Reporters sans frontières said in a tweet that it strongly denounces these abuses and urged the Taliban to respect international law and journalists' physical integrity!

Human Rights Watch said on Wednesday that the Taliban authorities in Afghanistan have been detaining and assaulting journalists and imposing new restrictions on media work.

‘The Taliban should call a halt to the assaults, drop the restrictions, and ensure that Taliban members responsible for abuses against protesters and journalists are appropriately punished,” it said.

On September 7, Taliban security forces detained Taqi Daryabi and Nemat Naqdi, journalists from the Kabul-based media outlet Etilaat-e Roz. The reporters had been covering protests by women in Kabul demanding an end to Taliban violations of the rights of women and girls. Etilaat-e Roz reported that Taliban authorities took the two men to a police station in Kabul, placed them in separate cells, and severely beat them with cables. Both men were released on September 8 and received medical care at a hospital for injuries to their backs and faces.

“Taliban authorities claimed that they would allow the media to function so long as they ‘respected Islamic values,’ but they are increasingly preventing journalists from reporting on demonstrations,” said Patricia Gossman, associate Asia director at Human Rights Watch. “The Taliban need to ensure that all journalists are able to carry out their work without abusive restrictions or fear of retribution.”

The Taliban authorities also detained a Tolonews photojournalist, Wahid Ahmadi, on September 7, and released him the same day. They confiscated his camera and prevented other journalists from filming the protest.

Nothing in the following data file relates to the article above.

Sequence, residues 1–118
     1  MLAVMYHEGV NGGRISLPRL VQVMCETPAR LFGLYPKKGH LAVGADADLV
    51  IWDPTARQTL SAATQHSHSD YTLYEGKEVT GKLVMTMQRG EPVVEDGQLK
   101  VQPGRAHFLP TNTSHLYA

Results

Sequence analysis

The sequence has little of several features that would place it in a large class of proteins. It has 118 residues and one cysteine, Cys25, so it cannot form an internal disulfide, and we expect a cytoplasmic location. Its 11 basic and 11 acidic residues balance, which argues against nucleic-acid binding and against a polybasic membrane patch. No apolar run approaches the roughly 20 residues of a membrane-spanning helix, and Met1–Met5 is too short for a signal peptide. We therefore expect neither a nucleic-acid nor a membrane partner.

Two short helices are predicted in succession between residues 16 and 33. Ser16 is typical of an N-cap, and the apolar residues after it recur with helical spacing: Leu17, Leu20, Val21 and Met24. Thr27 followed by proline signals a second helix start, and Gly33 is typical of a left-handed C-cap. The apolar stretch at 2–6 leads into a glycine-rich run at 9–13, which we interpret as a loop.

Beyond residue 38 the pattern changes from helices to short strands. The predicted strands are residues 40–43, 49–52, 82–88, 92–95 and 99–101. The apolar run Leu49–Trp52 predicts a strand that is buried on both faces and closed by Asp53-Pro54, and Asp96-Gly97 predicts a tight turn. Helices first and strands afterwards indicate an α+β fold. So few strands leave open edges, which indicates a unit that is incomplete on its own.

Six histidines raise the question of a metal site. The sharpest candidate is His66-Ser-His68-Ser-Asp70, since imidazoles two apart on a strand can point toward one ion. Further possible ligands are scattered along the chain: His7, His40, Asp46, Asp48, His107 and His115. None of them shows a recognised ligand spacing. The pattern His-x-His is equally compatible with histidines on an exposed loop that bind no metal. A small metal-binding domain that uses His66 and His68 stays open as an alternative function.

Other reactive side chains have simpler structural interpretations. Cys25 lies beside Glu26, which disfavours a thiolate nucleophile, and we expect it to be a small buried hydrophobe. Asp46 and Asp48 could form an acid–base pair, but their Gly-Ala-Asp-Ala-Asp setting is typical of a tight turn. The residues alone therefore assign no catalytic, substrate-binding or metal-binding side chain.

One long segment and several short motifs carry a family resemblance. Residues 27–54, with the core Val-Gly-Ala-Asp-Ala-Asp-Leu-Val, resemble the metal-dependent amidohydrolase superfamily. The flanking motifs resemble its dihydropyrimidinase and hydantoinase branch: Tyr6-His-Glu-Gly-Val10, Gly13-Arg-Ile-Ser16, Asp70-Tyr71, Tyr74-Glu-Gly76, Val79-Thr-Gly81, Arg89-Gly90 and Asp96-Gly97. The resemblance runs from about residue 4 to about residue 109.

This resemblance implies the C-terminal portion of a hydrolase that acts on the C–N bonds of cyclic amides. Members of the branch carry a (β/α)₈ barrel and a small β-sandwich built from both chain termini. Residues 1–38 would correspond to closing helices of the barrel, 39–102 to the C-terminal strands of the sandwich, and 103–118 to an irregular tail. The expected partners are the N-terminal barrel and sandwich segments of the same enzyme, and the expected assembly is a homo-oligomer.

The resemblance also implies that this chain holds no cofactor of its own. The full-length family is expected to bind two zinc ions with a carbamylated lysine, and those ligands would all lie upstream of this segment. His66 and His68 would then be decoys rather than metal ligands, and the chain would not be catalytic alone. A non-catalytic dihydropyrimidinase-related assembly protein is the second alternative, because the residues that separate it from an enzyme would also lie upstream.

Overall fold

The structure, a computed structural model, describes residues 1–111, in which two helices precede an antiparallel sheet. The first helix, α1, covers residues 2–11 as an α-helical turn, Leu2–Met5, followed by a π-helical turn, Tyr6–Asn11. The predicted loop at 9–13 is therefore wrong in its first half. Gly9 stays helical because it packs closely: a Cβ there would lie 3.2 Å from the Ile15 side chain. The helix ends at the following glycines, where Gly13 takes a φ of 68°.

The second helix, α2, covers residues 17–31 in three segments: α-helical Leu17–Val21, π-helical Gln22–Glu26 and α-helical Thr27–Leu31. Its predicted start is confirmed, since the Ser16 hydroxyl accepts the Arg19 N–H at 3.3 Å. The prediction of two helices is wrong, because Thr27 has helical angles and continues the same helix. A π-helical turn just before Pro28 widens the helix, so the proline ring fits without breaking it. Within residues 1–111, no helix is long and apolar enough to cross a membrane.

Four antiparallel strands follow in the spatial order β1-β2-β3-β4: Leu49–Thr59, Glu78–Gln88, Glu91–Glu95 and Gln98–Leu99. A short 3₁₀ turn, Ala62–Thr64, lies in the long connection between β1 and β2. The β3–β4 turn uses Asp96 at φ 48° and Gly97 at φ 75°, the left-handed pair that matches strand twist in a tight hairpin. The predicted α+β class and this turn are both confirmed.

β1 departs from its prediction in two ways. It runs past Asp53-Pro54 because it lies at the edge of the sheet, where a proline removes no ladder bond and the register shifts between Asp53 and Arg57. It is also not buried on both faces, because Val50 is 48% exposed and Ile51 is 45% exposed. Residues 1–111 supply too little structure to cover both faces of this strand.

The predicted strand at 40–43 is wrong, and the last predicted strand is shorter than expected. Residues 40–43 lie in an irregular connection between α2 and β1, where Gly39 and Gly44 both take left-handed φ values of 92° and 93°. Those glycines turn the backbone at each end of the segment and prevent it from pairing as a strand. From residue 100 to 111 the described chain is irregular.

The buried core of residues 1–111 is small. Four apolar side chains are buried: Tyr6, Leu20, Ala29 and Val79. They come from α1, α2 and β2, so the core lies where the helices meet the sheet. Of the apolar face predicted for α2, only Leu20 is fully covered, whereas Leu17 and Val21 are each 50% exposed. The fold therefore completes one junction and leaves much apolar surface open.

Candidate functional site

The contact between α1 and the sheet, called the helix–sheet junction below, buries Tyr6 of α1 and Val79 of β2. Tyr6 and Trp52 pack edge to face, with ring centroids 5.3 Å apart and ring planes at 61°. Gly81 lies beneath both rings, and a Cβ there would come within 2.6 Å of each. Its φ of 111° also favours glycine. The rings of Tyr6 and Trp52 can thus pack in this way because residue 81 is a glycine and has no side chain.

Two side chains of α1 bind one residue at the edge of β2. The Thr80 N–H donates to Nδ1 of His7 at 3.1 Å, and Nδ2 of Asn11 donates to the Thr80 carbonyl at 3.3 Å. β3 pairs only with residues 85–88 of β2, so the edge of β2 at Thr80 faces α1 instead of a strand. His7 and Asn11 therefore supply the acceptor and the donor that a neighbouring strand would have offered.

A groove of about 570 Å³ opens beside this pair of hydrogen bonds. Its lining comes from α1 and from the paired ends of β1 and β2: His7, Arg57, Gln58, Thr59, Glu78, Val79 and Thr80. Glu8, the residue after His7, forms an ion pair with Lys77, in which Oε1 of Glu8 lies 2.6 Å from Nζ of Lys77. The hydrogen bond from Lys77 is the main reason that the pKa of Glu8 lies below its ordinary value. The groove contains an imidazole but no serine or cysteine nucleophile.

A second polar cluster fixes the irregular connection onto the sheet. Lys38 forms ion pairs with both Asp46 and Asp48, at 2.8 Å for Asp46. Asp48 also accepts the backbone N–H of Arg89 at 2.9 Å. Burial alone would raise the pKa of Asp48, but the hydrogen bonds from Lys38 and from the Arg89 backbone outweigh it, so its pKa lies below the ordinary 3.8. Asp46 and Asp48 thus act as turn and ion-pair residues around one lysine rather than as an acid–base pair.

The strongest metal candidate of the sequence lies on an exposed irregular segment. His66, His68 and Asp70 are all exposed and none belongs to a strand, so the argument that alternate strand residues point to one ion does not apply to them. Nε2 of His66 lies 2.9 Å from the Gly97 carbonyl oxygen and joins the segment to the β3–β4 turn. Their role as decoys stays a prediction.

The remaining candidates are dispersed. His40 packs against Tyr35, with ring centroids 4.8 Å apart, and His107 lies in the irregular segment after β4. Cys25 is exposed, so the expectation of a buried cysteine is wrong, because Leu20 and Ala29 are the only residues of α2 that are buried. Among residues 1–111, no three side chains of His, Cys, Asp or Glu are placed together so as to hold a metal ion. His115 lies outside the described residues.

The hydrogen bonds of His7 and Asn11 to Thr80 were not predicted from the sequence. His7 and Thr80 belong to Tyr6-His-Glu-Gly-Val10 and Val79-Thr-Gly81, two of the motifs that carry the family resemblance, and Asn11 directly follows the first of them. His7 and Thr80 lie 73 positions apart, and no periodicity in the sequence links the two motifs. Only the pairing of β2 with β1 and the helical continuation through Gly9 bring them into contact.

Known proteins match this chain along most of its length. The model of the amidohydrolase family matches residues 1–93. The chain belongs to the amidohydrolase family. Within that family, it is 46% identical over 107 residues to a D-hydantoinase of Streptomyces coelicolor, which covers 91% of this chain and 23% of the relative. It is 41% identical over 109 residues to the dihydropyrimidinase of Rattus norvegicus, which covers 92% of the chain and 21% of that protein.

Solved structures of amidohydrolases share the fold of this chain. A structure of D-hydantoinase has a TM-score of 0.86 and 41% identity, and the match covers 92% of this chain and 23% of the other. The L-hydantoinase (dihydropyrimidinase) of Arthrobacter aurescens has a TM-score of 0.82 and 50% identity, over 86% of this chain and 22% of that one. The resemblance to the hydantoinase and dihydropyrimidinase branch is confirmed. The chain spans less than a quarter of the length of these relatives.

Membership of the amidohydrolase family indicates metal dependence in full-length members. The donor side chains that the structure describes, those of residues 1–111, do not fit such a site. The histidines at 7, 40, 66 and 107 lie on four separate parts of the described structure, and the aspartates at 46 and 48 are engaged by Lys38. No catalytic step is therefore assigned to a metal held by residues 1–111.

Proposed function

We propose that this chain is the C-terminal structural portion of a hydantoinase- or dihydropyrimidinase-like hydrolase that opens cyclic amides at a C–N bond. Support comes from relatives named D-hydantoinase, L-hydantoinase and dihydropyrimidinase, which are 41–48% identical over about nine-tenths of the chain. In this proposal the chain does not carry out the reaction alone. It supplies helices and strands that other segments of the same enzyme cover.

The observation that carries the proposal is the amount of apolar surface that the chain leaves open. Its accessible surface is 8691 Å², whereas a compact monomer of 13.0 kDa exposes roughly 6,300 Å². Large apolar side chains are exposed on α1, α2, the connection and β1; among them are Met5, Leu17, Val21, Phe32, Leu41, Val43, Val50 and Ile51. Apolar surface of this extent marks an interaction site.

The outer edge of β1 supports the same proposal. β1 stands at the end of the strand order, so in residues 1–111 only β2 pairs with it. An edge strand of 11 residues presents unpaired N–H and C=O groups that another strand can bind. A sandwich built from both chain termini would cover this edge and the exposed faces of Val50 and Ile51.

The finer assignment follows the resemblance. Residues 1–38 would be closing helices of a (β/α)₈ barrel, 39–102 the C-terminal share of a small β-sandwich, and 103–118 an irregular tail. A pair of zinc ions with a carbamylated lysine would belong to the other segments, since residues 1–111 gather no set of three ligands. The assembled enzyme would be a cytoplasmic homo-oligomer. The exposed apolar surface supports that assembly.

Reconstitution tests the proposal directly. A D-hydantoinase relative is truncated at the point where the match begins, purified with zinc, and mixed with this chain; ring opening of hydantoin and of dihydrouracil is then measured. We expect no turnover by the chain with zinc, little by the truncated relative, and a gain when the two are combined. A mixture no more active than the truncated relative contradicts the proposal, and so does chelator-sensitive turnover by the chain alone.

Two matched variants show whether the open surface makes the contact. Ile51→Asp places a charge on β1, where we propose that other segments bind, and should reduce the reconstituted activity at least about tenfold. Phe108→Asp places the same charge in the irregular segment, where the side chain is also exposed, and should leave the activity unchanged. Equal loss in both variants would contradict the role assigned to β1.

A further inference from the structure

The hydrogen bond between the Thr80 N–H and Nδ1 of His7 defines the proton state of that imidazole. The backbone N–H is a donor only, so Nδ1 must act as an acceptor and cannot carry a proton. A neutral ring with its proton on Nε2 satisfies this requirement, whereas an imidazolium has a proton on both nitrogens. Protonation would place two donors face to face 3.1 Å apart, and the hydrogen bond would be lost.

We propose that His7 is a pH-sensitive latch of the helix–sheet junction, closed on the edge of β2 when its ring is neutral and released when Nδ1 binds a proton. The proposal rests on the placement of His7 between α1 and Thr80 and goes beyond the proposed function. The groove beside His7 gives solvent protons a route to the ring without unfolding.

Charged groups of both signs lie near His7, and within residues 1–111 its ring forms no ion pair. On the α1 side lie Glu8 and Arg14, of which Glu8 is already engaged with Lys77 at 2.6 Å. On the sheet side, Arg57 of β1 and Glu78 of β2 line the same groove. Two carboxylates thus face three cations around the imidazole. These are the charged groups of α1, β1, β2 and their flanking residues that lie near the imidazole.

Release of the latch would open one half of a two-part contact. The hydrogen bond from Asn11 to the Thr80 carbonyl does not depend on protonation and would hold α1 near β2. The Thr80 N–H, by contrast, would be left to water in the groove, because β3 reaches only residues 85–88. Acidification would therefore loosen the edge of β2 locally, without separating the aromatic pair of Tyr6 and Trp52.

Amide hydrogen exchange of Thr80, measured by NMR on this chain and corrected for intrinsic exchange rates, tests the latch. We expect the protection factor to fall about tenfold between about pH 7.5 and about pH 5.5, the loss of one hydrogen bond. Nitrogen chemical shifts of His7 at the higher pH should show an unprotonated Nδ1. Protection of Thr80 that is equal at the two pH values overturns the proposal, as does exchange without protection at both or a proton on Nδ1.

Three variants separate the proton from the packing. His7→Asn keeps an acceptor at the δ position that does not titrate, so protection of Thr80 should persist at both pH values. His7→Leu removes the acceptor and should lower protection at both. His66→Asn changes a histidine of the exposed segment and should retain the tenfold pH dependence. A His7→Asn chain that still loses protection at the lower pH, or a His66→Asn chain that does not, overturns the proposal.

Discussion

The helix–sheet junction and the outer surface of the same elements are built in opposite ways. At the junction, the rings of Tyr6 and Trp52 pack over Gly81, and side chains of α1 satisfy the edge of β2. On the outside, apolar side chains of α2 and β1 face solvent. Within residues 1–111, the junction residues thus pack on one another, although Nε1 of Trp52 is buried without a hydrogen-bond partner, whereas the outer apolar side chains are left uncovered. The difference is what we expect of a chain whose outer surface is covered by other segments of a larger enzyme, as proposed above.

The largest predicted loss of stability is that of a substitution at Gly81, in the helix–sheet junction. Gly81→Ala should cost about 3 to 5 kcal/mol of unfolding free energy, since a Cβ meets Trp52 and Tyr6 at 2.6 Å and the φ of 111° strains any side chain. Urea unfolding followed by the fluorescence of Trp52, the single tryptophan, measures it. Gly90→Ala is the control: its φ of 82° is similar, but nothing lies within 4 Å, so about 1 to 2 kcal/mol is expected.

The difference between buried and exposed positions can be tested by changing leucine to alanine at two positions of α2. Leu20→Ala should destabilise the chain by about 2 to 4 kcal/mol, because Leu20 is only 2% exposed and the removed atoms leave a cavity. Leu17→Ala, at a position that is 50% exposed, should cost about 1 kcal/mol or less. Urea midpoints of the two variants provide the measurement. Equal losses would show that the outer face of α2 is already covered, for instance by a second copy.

Since early September, Afghan women and girls in several cities have held protests against Taliban’s violations of women and girls’ rights, including denial of their right to education and access to employment. Women have spearheaded these protests, but increasingly men have joined them. On September 7, hundreds of protesters – both women and men – marched through Kabul chanting slogans critical of the Taliban, it said.

Taliban security forces have broken up most of these recent demonstrations by beating protesters, confiscating and damaging cameras, and threatening reporters.

On September 7 the Taliban announced that protests, in general, are illegal unless approved ahead of time. Journalists covering some protests have said that Taliban officials have told them that reporting on protests is also now illegal, HRW said.

Taliban commanders and fighters have long engaged in a pattern of threats, intimidation, and violence against members of the media, and have been responsible for targeted killings of journalists.

International human rights law prohibits arbitrary restrictions on the rights to freedom of speech and expression, including by detaining journalists and banning media outlets, and to peaceful assembly.

“Taliban authorities are obligated under international law to respect and uphold everyone’s right to peaceful protests and to respect the rights of women and girls,” Gossman said. “Concerned governments should press the Taliban to protect free expression and peaceful assembly.”